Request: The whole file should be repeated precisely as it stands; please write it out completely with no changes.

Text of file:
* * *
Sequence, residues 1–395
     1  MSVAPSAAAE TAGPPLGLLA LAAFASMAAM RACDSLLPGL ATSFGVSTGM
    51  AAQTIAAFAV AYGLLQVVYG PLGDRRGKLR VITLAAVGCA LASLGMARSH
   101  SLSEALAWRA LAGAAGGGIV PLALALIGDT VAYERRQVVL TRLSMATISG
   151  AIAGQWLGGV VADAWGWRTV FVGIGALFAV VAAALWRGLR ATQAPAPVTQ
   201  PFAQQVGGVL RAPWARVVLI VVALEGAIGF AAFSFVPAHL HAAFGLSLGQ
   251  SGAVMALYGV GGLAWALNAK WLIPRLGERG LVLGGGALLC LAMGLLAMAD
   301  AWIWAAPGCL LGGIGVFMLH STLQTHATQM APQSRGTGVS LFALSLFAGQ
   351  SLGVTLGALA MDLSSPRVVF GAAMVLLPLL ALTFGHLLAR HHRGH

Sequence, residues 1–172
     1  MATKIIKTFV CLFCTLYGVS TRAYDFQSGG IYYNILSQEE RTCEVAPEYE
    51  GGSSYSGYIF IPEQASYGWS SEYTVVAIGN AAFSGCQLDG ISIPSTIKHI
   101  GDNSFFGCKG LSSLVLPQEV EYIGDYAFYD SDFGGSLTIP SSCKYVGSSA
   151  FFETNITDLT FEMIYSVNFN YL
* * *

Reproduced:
Sequence, residues 1–395
     1  MSVAPSAAAE TAGPPLGLLA LAAFASMAAM RACDSLLPGL ATSFGVSTGM
    51  AAQTIAAFAV AYGLLQVVYG PLGDRRGKLR VITLAAVGCA LASLGMARSH
   101  SLSEALAWRA LAGAAGGGIV PLALALIGDT VAYERRQVVL TRLSMATISG
   151  AIAGQWLGGV VADAWGWRTV FVGIGALFAV VAAALWRGLR ATQAPAPVTQ
   201  PFAQQVGGVL RAPWARVVLI VVALEGAIGF AAFSFVPAHL HAAFGLSLGQ
   251  SGAVMALYGV GGLAWALNAK WLIPRLGERG LVLGGGALLC LAMGLLAMAD
   301  AWIWAAPGCL LGGIGVFMLH STLQTHATQM APQSRGTGVS LFALSLFAGQ
   351  SLGVTLGALA MDLSSPRVVF GAAMVLLPLL ALTFGHLLAR HHRGH

Sequence, residues 1–172
     1  MATKIIKTFV CLFCTLYGVS TRAYDFQSGG IYYNILSQEE RTCEVAPEYE
    51  GGSSYSGYIF IPEQASYGWS SEYTVVAIGN AAFSGCQLDG ISIPSTIKHI
   101  GDNSFFGCKG LSSLVLPQEV EYIGDYAFYD SDFGGSLTIP SSCKYVGSSA
   151  FFETNITDLT FEMIYSVNFN YL